14-440-127 Lecture 13 Notes

# 14-440-127 Lecture 13 Notes - 14:440:127– Introduction to...

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Unformatted text preview: 14:440:127– Introduction to Computers for Engineers Notes for Lecture 13- Final Exam Review Rutgers University, Fall 2008 Instructor- Blase E. Ur 1 Written Question 1- Conditional Statements Relational operators: > greater than < less than >= greater than / equal to == (2 equals signs!) equal to ~= NOT equal to Logical Operators: & means AND--- only if both are true is the whole thing true | means OR--- if either is true, whole thing is true ~ means NOT--- switches True and False 1.1 If-Elseif-...-Else Statements if(condition) statement1 elseif(condition2) %optional statement2 ... else %optional statement3 end if(age>=65) disp(’You are a senior citizen’) elseif(age>=25) disp(’You are a grown-up’) elseif(age>=18) disp(’You are a college student’) elseif(age>=5) disp(’You are in school’) else disp(’You are a little kid’); end It’s important to note in this example that only one of these options is chosen. In essence, beginning at the if and going all the way to the end statement, the first true condition will have its statement(s) executed, and all of the others will be ignored. As a result, the order of the statements matters very much! What would happen if the first statement in the example above were if(age >= 5)? Well, it would display ’You are in school’ for everyone over age 5, overriding the messages about senior citizens, grown-ups, and college students. Switch case is an alternative to If Statements when you have a variable that only takes on a certain number of discrete values. You must replace ”VARIABLE” with the name of the variable you wish to test. Replace OPTION1, OPTION2, etc. with values (don’t put x==5, you JUST type 5). If you want to include more than one value, put all of the possibilities in a vector (or cell array, if you are using strings). Here’s an example of switch case in action. Note that ”exciting” will be displayed: destination= ’cambodia’; switch destination case ’florida’ disp(’boring!’) case ’bosnia’ disp(’a little less boring’) case {’cambodia’ , ’burma’ } disp(’exciting’) otherwise disp(’i don’’t know about that country’) end 1.2 Built-In Math Functions Matlab includes many built-in functions for math operations. Here are a number of the most important ones: sqrt(5), nthroot(27,3), log(5), log10(5), exp(5) rem(15,2), factor(15), factorial(15), primes(100), isprime(101) round(5.3), fix(5.3) % 0, floor(5.3) % -inf, ceil(5.3) % +inf 1.3 Output, Input Remember that %s is a placeholder for a string, and %f is a placeholder for a number. You can say something like %.0f , which gives you 0 points after the decimal. name = ’Jones’; x = 14.7; fprintf(’Mr. %s has %.0f Matlab books.\n’, name, x) This would display ”Mr. Jones has 15 Matlab books.” money = input(’Please enter how much to withdraw: ’); 2 Written Question 1b- Plotting In general, to plot, you need the x points and y points as separate vectors. Let’s say that we have x pointsIn general, to plot, you need the x points and y points as separate vectors....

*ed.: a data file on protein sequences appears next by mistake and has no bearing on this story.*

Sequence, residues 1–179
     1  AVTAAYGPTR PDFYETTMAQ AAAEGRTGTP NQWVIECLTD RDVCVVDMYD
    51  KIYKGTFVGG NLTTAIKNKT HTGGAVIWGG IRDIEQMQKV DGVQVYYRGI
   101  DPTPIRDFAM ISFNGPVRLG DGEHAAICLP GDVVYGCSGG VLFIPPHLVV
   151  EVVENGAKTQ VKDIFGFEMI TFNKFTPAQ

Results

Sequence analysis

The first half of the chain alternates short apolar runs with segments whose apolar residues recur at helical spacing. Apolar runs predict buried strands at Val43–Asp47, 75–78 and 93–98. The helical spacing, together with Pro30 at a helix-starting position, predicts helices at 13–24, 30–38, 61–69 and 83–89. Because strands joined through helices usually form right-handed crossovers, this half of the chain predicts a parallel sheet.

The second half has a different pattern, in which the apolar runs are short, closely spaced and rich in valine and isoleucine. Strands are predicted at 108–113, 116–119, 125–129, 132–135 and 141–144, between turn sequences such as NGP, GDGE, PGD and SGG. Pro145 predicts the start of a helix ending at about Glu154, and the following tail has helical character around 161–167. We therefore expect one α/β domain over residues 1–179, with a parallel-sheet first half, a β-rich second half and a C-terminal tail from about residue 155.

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14-440-127 Lecture 13 Notes - 14:440:127– Introduction to...

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